During the testing and regular use of the system, it was found that sample pressure could either be slightly increased or decreased when the system was cooled down to the base temperature. It happened for both Re and Be gaskets and Ne pressure medium. The cooling rate had an impact on the pressure changes. The amount of pressure change also depends on the culet size. After pressure was applied at ∼100-120 K, when the system is cooled down to ∼9 K at a cooling rate of 3 K/min, the pressure change is typically about ∼1 GPa at 10 GPa and ∼2 GPa at 20 GPa in our test.
V. NRIXS EXPERIMENT AT HPLT
The HPLT cryostat and mini-pDAC have been used by many experiments since its successful commissioning. Figure 5 shows an example of NRIXS measurement in a 57Fe-enriched single crystalline EuFe2As2 sample at the resonant energy of 57Fe (14.4125 keV). EuFe2As2 shows rich phase diagram with applying pressure.25,26 In a narrow pressure range of 2.4-3.0 GPa, EuFe2As2 was found to be superconducting with TC ∼30 K. 57Fe NRIXS data on a polycrystalline Eu57Fe2As2 sample at high pressure and room temperature have been reported by Kobayashi et al.27 To study the lattice dynamics in the superconducting phase, it is critical to have in situ fine pressure tuning capability to reach the superconducting pressure regime and a cryogenic system to reach well below the superconducting critical temperature.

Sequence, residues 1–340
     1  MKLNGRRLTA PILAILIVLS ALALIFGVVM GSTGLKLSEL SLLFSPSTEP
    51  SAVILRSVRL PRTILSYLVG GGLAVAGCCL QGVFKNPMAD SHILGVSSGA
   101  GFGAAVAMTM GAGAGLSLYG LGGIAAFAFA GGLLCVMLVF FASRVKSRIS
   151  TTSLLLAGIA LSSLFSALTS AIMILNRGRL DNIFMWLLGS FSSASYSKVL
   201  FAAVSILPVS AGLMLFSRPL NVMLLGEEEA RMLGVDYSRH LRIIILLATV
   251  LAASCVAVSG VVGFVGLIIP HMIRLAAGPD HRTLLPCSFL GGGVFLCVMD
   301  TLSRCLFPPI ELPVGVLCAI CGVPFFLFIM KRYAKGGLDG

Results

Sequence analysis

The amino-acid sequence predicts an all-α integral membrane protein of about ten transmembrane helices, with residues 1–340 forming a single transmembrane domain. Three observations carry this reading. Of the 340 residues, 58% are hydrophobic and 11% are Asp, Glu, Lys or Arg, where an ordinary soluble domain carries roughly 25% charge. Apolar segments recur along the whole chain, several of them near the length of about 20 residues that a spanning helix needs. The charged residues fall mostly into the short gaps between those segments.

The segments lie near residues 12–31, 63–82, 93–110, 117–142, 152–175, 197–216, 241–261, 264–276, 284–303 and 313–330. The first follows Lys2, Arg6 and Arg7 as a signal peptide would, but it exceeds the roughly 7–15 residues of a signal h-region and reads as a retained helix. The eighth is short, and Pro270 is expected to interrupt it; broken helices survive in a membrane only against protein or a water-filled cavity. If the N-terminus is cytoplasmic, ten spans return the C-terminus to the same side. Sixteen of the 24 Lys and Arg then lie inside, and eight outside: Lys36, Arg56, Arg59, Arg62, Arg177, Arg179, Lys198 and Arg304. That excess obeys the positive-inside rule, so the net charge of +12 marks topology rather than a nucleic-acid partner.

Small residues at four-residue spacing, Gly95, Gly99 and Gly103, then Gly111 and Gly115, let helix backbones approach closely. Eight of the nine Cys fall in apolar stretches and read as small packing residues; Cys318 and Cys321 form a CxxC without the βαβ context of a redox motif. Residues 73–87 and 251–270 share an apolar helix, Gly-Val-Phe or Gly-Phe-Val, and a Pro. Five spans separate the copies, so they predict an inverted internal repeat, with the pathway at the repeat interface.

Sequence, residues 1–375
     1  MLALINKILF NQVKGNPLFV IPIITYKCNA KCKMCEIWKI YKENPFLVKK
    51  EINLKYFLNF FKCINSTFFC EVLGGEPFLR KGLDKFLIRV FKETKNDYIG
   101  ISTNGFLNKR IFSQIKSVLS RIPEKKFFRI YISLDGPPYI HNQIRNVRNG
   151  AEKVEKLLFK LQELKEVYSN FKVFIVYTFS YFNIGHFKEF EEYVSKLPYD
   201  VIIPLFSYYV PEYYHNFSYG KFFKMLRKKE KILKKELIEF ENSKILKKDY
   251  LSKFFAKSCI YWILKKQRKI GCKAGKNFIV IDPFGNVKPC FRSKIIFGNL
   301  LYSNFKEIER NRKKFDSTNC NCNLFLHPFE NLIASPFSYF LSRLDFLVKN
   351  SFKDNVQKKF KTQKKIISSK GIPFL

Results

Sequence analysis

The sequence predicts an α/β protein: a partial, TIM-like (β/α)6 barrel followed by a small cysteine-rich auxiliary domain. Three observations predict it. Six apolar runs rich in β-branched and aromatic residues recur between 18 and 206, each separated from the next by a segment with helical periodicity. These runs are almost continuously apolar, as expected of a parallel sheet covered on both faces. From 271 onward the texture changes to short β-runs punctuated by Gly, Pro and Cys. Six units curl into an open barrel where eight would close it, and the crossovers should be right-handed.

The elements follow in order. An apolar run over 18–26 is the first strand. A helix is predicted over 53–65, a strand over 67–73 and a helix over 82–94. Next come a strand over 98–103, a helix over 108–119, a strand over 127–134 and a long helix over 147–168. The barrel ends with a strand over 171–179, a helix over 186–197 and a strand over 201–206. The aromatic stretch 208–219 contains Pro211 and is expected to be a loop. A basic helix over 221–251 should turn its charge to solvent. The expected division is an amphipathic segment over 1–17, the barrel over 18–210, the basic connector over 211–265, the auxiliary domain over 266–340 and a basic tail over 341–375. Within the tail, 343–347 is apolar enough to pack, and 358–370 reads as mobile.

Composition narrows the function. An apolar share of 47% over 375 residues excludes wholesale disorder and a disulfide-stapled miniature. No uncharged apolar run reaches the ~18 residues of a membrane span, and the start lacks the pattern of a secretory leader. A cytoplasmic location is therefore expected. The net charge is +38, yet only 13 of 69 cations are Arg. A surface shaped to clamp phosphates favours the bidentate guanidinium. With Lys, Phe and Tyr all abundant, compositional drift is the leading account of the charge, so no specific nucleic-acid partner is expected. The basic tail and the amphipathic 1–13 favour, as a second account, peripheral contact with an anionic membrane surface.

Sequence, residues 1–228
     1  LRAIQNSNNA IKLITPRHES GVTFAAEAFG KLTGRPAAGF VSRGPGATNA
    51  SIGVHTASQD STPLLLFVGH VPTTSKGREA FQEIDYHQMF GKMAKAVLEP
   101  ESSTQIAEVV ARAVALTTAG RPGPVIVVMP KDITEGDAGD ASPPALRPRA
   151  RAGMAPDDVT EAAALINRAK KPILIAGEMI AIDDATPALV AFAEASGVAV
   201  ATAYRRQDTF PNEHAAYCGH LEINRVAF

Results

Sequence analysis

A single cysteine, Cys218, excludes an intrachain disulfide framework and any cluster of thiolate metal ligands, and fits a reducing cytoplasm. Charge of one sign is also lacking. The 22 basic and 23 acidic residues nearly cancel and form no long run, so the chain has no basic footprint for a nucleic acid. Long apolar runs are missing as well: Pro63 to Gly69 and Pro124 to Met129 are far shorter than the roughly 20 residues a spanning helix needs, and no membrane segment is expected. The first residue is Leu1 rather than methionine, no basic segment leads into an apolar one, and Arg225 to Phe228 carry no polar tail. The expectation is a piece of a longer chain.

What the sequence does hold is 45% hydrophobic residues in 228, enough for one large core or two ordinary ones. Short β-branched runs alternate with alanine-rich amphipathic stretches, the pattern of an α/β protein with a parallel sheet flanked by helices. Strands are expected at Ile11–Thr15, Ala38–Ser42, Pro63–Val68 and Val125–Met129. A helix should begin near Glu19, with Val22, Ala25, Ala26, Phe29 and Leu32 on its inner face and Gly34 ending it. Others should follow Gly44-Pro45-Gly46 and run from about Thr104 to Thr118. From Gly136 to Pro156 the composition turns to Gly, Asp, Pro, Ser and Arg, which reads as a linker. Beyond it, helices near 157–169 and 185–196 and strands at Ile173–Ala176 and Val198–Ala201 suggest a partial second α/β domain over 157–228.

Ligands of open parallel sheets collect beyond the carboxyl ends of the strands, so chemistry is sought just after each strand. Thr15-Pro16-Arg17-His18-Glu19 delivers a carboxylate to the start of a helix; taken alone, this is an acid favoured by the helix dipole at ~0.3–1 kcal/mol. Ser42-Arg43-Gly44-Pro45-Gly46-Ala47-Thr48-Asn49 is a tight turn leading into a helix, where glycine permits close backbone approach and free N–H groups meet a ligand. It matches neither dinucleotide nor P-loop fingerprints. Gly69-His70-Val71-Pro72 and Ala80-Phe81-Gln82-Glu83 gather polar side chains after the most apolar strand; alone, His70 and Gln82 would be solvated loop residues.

In this experiment, diamond anvils with 500 μm culet size were used to achieve high pressure in the mini-pDAC. To allow the nuclear fluorescence radiation to exit the sample and reach the APDs, ultra-high pure beryllium was used as a gasket material due to its low x-ray absorption. Neon gas was used as a pressure medium to achieve a hydrostatic pressure environment around the sample. Several ruby balls were loaded next to the sample to measure pressure in situ. An x-ray beam at 14.4125 keV was focused to ∼15 μm at the sample position. The incoming x-ray beam is along the c-axis of the single-crystalline sample. Two APDs were used to collect NRIXS spectra. Instrumental resolution function was recorded by an APD in the forward direction, and it was used to remove the elastic peak in the data reduction.